Both of these anime deal with space and survival though in different ways. However, they both center around a small group of students and their relationships. They both have a family friendly feel to them and if you love one you will love the other as well.
It is the year 2356 AD, 189 years after a shockwave from a distant supernova decimated the Earth. Since that fateful day, humanity has begun training for a final mission to protect the planet from the inevitable oncoming 2nd shockwave - a mission whose failure means the annihilation of mankind. For Katase and her friends, their training at the foundation Stellvia is just the beginning of an adventure that could lead to saving the world, or seeing its end...
Although Stellvia and Twin Spica both revolve around space or space travel, the reason I recommended is not because of that. Rather, both of these series have a female lead who has remarkable drive and determination to succeed in a space related field. Although Shipon and Asumi are both a bit on the odd side, they still manage to make friends and be the best they can be. I highly suggest checking both of these out. At the very least, you'll walk away with each episode enticed to watch the next.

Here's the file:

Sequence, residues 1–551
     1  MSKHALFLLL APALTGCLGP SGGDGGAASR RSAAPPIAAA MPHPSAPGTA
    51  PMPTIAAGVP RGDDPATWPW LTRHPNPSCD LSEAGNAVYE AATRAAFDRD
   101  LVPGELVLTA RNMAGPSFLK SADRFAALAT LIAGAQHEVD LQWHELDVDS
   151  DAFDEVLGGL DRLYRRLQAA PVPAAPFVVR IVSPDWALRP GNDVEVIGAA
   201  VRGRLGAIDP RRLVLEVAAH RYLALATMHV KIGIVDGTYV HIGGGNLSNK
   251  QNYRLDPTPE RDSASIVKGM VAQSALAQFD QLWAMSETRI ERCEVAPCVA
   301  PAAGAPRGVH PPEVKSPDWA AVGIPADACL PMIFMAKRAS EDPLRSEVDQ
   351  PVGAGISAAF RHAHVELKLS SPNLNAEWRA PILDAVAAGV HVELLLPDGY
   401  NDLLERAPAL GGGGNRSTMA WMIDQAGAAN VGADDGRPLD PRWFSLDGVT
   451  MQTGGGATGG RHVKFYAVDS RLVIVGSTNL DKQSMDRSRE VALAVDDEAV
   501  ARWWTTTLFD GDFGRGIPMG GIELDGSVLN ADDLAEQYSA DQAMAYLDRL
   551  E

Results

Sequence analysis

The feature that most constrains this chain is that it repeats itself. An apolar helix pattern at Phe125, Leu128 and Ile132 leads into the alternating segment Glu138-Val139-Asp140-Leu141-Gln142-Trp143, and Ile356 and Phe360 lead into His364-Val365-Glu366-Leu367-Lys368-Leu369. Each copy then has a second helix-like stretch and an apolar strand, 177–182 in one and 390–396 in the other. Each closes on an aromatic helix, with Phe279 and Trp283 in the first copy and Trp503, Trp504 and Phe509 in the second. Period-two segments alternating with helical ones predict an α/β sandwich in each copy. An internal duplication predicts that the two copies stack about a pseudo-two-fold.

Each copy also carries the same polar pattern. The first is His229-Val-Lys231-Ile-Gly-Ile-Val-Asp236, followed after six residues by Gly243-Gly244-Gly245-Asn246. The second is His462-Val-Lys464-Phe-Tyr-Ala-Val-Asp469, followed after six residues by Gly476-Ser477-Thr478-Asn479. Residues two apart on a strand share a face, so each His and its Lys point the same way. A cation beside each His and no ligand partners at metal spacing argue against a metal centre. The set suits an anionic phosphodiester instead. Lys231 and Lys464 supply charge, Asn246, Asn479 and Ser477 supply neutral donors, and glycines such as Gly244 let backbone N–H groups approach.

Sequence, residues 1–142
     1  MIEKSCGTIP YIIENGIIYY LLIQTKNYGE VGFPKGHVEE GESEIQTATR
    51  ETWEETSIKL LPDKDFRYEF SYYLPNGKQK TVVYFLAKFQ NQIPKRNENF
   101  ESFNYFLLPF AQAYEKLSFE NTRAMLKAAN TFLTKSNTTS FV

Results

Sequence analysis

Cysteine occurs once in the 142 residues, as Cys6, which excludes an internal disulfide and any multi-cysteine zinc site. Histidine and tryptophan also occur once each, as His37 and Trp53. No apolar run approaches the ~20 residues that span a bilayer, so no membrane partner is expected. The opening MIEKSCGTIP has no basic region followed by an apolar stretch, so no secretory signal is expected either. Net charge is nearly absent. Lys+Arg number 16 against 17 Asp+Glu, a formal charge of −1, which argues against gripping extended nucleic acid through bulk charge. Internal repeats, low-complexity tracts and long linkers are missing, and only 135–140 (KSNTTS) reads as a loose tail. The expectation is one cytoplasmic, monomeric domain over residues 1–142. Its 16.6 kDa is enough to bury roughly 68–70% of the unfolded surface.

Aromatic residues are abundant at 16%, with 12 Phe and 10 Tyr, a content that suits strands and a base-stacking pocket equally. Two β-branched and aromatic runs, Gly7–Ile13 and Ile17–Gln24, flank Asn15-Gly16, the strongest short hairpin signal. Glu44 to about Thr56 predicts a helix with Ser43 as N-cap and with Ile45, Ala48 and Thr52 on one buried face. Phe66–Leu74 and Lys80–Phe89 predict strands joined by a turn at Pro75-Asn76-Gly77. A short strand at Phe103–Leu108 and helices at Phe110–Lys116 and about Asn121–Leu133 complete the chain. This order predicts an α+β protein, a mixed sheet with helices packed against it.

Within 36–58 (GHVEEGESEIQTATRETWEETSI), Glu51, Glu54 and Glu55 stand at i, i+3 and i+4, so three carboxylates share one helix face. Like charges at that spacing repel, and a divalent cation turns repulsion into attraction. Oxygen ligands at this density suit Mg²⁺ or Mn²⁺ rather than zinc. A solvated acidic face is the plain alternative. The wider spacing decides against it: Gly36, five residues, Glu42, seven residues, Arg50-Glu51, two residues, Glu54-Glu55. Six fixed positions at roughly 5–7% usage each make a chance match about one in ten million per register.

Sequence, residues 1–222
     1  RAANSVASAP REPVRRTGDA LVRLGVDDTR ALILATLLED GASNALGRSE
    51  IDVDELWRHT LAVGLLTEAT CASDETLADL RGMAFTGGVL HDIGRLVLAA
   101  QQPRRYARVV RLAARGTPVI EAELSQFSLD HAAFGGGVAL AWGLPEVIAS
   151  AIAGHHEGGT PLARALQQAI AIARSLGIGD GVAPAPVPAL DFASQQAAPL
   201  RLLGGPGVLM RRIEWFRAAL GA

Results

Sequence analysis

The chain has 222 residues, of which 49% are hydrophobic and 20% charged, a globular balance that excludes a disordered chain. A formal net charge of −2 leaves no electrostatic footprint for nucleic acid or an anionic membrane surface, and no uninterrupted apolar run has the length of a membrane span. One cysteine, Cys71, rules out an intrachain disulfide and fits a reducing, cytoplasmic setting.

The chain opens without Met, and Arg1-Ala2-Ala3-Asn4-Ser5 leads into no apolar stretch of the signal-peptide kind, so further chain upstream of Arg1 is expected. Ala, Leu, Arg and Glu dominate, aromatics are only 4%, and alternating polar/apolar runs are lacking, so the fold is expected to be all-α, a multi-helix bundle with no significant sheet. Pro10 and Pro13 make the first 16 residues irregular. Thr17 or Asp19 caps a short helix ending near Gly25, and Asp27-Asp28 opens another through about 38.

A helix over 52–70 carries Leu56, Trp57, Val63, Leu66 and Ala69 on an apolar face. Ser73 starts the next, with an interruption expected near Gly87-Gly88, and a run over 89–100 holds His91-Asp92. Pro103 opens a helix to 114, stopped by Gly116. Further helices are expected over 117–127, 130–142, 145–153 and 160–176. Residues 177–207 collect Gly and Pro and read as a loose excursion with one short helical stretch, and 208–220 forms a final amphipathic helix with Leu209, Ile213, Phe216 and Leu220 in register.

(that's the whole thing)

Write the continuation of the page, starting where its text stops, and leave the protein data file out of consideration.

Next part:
The feel in both series is realy similar. Both series feature kids and space, though while Twin Spice is mainly based on just one individual, Stellvia of the Universe mainly involves a group. Also the humor in Stellvia of the Universe is more straightforward, while Twin Spica is for the major part serious.
While transporting bio-weapon lifeforms, Agent DD, member of an alien police force, is forced to crash land on Earth. Amidst the chaos of the crash, a bio-weapon escapes and DD is forced to fight it, while accidentally activating a Liberus, a liquid battle suit. Tsubasa, a shy girl, unwillingly comes into contact with the Liberius and is thereafter forced to fight for the survival of Earth.
If you enjoy slower slice of life series with a great deal of character development and charm, Figure 17 and Twin Spica are for you. Both contain a great deal of sadness as well as growth with the main characters, and are a light and pleasant watch.
Kazuhiro Uchida has always dreamed of becoming a fighter pilot, but has been forced into the helicopter-training program instead. Embittered and discouraged, he still completes the training and is given his first position in a helicopter rescue unit. The catch? It’s located in a new town, far away from his loved ones. But the job of a rescue worker is incredibly demanding, both mentally and physically, and Kazuhiro’s less than enthusiastic attitude just won’t cut it. In order to succeed in his new career, Kazuhiro must survive the harsh reality of rescue work, and rediscover his dream.
Twin Spica is the story of Asumi's personal growth, with an undertone of the individual striving against the impersonal forces of nature.
Similarly, although Rescue Wings is more or less one long advertisement for the excellence and faithfulness of the JSDF, it also contains the elements of a personal growth story in the face of nature's forces, as Kazuhiro meets the challenges of the crises that his rescue unit is presented with.
If you like one of these anime, give the other a chance.